A pair of NASA airplanes crisscrossing the skies and doing stomach-turning loops are giving scientists a 3-D look at winter air pollution in a way they've never had before.
The flights are part of a five-year, $30 million mission called DISCOVER-AQ, an effort to help researchers develop the next generation of satellites to measure air pollution from space. Jim Crawford, the mission's lead investigator from NASA's Langley Research Center in Virginia, explains how the airplanes work with monitoring stations on the ground to provide a better understanding of how air pollution forms and mixes.
The Valley's unique geography -- flat land ringed by mountain ranges -- and stagnant winter weather are the perfect lab for pollution research, Crawford said: "This is a great place to come."
The Valley is the second of four places in the U.S. where scientists are using the aircraft and ground stations to learn about pollution formation.
One of the planes, a four-engine P-3B Orion, has attracted considerable attention with its low-level passes and circles over and around Valley cities. Instruments on the plane measure the air quality at altitudes from below 1,000 feet up to about 9,000 feet.
At the same time, a smaller plane cruises at about 26,000 feet, using lasers and reflected light to simulate how an orbiting satellite sees the atmosphere over the Valley.
Tuesday was the fifth of 10 scheduled DISCOVER-AQ flights over the region, and the last before a weather front came through to help clean the air. When flights resume, perhaps as early as this weekend, scientists hope to examine how pollution forms from a clean slate and worsens with time in the region. "We arrived here at an ideal time for us," Crawford said.
Winter weather in the Valley creates an accumulation of very fine dust and chemical particles, compared with the summer, when chemicals that create ozone are more prevalent. But conditions can change daily or even hourly.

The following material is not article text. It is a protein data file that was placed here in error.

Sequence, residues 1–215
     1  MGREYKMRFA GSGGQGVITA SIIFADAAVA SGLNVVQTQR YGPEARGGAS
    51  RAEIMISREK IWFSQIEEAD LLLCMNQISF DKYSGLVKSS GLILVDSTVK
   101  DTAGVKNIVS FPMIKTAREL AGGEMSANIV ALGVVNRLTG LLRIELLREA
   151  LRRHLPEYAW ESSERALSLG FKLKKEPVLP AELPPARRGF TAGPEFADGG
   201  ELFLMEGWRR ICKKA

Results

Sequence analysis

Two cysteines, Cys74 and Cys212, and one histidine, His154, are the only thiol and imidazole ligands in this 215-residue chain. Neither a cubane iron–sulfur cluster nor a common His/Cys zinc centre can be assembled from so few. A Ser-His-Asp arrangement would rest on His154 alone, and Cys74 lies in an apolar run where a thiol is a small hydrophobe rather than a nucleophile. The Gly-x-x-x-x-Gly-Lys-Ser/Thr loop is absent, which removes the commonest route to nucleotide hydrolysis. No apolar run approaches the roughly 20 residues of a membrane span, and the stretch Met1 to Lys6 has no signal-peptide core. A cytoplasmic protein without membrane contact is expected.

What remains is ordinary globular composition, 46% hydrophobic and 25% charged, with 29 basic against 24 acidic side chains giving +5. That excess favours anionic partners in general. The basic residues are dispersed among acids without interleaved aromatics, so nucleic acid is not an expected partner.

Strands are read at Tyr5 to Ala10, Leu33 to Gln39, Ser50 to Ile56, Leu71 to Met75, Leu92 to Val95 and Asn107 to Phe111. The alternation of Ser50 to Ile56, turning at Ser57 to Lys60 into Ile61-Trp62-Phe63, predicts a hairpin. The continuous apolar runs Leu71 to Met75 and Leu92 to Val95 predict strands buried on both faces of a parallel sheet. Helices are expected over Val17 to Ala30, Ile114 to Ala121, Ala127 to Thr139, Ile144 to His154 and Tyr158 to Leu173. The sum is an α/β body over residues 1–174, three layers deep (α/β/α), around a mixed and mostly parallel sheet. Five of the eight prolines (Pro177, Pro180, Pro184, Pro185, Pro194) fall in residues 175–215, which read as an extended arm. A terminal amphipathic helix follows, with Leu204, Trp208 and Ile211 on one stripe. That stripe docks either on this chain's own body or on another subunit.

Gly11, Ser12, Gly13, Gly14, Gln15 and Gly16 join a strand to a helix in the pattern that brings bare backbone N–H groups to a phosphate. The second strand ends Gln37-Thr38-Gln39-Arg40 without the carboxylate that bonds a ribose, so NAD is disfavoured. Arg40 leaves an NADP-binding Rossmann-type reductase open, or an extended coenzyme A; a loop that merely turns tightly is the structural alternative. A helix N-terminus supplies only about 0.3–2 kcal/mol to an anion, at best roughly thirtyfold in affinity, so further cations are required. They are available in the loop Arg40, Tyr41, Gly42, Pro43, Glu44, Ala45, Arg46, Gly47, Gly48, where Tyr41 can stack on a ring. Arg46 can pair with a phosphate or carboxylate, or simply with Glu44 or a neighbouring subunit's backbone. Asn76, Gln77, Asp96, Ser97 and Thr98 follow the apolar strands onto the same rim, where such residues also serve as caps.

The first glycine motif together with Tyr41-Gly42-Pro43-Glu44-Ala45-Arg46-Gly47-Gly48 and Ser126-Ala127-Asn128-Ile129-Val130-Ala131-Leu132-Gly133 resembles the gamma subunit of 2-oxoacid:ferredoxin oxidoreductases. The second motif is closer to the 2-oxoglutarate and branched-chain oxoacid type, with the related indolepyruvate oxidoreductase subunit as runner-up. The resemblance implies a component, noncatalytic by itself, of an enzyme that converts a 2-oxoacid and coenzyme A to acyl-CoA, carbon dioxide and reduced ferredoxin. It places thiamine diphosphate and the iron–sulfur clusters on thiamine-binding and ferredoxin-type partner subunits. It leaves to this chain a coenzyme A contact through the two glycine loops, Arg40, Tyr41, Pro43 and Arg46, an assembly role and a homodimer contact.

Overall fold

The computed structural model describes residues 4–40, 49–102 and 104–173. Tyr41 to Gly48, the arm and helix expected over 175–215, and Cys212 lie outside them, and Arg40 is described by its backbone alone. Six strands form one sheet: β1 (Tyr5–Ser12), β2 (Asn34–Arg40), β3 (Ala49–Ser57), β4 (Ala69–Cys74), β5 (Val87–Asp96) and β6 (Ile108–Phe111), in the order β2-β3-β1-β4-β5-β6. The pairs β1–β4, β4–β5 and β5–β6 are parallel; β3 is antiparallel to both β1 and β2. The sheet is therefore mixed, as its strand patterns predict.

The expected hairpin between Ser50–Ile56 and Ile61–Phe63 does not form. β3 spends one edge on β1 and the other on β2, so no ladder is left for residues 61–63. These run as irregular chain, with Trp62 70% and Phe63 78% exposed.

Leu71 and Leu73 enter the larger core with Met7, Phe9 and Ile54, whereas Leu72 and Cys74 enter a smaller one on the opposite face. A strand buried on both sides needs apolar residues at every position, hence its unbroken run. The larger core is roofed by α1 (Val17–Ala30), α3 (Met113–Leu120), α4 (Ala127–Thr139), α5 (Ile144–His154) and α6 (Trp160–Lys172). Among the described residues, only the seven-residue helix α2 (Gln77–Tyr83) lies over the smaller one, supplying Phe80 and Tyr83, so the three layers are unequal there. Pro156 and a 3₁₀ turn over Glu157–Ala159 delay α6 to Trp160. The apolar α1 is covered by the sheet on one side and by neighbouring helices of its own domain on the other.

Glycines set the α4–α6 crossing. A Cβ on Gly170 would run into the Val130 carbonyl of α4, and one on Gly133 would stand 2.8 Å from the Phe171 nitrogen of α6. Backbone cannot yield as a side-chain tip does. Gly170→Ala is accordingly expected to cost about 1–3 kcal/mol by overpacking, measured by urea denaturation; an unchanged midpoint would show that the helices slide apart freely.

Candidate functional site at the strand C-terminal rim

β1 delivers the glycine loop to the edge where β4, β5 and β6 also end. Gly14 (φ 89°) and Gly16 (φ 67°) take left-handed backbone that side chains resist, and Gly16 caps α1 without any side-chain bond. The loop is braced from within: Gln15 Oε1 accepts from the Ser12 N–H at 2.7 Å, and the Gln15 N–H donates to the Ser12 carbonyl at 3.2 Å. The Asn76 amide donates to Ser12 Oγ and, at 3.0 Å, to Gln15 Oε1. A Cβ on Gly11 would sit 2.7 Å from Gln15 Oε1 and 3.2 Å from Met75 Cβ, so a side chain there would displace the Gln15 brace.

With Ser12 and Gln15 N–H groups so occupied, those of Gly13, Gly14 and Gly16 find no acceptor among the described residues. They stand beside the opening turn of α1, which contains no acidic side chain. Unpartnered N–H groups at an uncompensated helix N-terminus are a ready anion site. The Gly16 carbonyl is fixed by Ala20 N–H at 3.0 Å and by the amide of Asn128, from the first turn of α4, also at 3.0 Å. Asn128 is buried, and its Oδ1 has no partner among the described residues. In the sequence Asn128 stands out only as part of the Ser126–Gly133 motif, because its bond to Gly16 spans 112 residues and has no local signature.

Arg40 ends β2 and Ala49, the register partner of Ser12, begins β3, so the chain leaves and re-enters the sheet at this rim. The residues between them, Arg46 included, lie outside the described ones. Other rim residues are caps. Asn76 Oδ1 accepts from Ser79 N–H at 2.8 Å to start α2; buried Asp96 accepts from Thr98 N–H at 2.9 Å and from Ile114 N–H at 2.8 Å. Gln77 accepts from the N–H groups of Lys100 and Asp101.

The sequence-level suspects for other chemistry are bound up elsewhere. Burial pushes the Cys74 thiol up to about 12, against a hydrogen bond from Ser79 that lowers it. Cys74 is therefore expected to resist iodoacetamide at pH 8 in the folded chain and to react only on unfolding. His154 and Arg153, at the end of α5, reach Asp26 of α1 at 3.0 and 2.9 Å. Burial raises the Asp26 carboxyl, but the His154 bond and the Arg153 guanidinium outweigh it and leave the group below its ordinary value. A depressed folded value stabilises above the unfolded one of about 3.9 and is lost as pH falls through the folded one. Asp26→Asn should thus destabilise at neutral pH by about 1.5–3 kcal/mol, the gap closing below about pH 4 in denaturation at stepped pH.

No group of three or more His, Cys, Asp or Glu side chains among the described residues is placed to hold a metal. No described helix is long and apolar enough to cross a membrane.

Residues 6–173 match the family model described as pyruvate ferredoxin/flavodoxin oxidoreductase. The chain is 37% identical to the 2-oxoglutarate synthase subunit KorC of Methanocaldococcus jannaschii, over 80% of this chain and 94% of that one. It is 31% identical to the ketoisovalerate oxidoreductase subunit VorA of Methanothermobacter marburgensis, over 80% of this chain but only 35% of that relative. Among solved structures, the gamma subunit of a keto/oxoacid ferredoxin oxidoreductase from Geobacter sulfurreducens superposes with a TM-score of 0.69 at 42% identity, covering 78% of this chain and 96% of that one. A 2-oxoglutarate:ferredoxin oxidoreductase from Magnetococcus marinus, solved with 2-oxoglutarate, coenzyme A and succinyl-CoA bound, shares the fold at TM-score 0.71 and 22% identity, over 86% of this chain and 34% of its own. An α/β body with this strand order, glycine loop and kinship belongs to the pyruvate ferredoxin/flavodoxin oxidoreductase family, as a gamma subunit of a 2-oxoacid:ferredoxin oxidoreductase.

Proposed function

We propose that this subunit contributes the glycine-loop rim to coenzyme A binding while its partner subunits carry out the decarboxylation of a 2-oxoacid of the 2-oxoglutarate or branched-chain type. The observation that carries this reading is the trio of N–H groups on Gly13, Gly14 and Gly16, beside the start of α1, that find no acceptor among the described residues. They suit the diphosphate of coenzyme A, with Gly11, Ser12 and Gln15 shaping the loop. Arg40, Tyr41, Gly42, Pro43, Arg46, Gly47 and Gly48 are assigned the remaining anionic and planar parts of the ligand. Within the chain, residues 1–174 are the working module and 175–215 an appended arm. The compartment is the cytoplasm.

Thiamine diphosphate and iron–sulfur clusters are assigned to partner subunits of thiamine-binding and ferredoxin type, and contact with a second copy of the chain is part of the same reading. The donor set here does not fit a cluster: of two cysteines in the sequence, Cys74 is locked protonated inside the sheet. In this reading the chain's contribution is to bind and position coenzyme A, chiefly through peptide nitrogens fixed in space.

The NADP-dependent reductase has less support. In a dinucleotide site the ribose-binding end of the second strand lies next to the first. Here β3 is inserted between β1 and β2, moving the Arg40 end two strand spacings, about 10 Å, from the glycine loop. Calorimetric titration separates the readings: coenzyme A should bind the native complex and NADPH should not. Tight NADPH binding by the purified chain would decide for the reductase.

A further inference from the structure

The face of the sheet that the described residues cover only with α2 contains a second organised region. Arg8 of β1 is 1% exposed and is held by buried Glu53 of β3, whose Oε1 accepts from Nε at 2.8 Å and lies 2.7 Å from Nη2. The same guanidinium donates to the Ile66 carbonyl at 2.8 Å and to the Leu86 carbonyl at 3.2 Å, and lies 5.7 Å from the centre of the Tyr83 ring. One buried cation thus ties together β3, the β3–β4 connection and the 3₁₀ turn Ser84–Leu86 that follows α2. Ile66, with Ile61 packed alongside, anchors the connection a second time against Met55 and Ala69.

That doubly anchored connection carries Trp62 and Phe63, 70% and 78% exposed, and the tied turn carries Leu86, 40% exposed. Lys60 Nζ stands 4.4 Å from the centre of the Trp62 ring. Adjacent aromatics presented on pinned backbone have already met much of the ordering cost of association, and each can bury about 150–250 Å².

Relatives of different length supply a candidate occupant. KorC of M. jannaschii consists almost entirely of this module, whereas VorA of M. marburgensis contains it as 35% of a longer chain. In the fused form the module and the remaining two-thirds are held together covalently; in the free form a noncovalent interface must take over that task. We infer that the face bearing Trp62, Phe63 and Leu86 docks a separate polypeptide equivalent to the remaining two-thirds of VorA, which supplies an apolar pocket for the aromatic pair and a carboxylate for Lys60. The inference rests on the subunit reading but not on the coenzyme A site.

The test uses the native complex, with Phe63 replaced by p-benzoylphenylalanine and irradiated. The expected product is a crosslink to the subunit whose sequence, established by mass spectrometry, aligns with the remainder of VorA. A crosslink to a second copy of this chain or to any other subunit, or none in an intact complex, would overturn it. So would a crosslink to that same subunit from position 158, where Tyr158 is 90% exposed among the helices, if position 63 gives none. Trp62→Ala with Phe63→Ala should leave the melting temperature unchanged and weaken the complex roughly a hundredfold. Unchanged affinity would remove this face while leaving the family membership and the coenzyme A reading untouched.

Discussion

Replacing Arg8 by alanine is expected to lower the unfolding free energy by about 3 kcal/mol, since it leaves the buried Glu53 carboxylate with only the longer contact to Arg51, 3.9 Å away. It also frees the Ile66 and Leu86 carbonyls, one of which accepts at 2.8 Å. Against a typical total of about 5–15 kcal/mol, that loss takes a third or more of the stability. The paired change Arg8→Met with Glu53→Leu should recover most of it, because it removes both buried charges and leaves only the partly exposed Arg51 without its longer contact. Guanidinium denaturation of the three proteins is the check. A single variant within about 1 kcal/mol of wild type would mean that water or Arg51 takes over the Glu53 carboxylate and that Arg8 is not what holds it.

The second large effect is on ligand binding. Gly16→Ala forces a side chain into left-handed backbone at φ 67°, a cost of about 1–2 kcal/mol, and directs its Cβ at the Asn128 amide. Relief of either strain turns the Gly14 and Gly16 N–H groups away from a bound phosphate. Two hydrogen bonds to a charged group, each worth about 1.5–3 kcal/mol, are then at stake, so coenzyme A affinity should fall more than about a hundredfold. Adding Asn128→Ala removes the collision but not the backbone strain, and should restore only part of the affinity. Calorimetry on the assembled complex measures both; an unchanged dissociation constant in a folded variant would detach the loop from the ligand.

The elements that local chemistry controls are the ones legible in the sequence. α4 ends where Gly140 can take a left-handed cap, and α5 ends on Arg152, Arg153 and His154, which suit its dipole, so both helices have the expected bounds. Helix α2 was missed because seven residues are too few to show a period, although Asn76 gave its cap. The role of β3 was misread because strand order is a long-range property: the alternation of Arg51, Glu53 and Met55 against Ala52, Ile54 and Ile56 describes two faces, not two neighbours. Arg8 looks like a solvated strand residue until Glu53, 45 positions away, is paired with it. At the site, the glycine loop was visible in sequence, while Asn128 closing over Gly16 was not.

Ground stations operated by the San Joaquin Valley Air Pollution Control District and the California Air Resources Board give air-quality regulators a snapshot of what's happening on the Earth's surface. Satellites that pass overhead once a day offer a glimpse at the entire atmosphere at that particular time.
But satellites in space cannot distinguish whether pollution is in the upper atmosphere, near the surface, or somewhere in between.
"Trying to make a judgment about what the regulator wants to know -- which is what you're breathing on the ground -- and teasing that apart is not the easiest thing to do right now with satellites," Crawford said.
NASA's project is filling the gap.
The P-3B is festooned with probes that suck air as it climbs and descends. The probes connect to eight instruments that identify chemicals in the air and their concentrations at different altitudes. Scientists get a real-time look at the gunk that blankets the Valley between winter storms.
David Lighthall, health science adviser for the Valley air district, said the research will help his agency better predict pollution problems for the region's residents.
"They're laying the foundation for an improved model for both ozone and PM-2.5 (fine particles)," Lighthall said. "From these studies, they're collecting fine-grained meteorological information over time, to get different combinations of information that we can relate to our ground-level observations."
By improving computer models to match atmospheric and ground-level data, "we'll have a better ability to predict what we're going to see under specific sets of conditions," he added.
Up, Up and Away
Each of the P-3B's 71/2-hour missions takes off in the morning from NASA's Dryden Aircraft Operations Facility in Palmdale and flies a course that includes stomach-turning spirals over Bakersfield, Porterville, Hanford, Huron, Tranquillity and Fresno. It repeats that course two more times, providing data from the morning, midday and afternoon as conditions change.